Updated: Nov 29, 2019
A story is a story is a story. Kind of depends on format and how far you need to go. Do you need to sell yourself, a product or service, or your company? When you are looking for a job, you write your resume according to CAR story format; Challenge, Action and Result. If you are looking for jobs for your product, you develop a "pitch deck".
Story bridges the gap between looking for a job and looking for a job for your product. If you need to develop new products or services, let people interact with pain points as though they were the agents for solution of the pain. Their observations about what they had to do manually to provide solutions become specifications for products and services.
What you are doing now might not look like it will scale up to where you want to go. You want to be a big lion with a big roar but for right now you are a cub. Here's something I realized recently and I hope it helps. Let's say you finally get good at time management. That enables you to grow. You find partners to help with further growth. They adopt your same time management methods. All of a sudden your time management methods need to take the next step and become project management. Because you started well in time management, the previously daunting project management becomes possible.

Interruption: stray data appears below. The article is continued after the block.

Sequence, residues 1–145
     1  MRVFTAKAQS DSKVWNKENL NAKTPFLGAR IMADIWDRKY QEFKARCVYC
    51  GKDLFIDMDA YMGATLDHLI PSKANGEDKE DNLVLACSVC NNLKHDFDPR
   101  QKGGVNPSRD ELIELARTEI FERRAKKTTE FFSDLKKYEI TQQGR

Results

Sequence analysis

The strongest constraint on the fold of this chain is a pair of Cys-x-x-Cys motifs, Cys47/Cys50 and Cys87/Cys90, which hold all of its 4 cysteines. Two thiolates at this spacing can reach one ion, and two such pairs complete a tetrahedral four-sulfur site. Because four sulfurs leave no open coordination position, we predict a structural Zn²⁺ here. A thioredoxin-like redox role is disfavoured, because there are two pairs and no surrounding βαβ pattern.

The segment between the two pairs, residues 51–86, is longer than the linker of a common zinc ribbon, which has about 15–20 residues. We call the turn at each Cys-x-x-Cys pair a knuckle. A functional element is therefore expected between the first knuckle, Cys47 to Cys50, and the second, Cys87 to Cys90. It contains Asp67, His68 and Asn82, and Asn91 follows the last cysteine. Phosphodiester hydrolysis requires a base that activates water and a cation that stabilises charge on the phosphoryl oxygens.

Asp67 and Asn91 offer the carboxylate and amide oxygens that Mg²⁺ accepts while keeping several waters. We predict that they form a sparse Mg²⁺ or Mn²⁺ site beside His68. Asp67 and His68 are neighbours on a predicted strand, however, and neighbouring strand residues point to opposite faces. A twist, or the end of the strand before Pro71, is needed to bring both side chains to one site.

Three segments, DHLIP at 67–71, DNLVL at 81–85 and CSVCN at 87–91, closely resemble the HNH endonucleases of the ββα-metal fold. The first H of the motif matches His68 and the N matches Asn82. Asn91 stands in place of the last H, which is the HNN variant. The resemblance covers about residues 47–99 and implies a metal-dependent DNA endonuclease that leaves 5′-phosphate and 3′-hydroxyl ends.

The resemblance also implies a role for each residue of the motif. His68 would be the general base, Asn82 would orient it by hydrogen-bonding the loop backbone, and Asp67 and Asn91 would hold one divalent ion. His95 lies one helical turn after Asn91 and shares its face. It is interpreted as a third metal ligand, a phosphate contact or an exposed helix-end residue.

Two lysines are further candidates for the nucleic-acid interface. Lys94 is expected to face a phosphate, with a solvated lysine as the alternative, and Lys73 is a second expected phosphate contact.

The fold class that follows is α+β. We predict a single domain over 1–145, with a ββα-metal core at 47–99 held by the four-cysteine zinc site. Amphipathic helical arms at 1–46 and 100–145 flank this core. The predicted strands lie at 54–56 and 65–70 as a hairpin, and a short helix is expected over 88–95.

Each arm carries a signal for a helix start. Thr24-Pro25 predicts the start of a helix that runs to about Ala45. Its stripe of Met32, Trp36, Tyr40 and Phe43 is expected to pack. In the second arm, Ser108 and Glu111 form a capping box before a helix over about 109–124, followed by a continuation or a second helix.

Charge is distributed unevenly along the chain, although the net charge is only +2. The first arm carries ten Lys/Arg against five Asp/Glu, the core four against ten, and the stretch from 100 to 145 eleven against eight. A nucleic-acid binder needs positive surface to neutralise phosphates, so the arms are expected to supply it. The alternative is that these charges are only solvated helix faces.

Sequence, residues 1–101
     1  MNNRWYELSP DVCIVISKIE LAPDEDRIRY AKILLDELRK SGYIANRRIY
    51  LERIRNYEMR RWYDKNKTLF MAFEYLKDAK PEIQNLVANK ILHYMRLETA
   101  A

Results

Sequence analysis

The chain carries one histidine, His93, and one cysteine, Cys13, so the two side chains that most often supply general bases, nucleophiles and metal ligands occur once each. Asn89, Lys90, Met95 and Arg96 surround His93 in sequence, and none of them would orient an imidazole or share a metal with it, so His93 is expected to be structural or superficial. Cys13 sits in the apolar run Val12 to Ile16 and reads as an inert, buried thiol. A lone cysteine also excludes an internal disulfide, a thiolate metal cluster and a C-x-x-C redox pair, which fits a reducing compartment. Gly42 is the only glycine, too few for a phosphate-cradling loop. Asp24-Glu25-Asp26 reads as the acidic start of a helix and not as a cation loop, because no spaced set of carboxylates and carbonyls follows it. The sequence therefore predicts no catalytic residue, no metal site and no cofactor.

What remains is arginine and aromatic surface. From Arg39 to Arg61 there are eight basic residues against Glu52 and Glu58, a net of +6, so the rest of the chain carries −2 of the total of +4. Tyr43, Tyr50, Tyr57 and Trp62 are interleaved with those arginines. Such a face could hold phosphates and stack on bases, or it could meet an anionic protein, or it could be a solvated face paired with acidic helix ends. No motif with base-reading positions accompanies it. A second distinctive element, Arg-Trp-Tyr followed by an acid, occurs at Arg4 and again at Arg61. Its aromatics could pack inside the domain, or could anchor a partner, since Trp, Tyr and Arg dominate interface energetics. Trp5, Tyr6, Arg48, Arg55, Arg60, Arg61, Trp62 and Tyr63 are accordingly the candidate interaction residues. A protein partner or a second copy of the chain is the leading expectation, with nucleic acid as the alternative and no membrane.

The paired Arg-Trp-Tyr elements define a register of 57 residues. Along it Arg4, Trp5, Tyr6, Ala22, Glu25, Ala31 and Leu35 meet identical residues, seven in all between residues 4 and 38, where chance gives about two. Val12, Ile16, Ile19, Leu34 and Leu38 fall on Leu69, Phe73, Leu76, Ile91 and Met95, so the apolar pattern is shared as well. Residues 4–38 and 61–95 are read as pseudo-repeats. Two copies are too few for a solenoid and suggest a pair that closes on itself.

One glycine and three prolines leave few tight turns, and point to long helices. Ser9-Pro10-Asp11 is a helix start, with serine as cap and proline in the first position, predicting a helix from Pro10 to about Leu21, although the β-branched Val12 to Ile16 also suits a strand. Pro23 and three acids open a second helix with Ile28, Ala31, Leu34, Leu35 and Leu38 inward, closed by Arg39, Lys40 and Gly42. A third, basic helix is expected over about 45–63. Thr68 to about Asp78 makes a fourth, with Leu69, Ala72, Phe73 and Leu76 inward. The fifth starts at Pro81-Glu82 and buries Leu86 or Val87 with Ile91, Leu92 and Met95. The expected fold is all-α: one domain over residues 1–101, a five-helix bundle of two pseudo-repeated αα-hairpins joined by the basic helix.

Scaling up from your resume to a business plan and product pitch
The following table illustrates how starting with a clear story can grow you into the need to expand that story into asking for money to grow your business.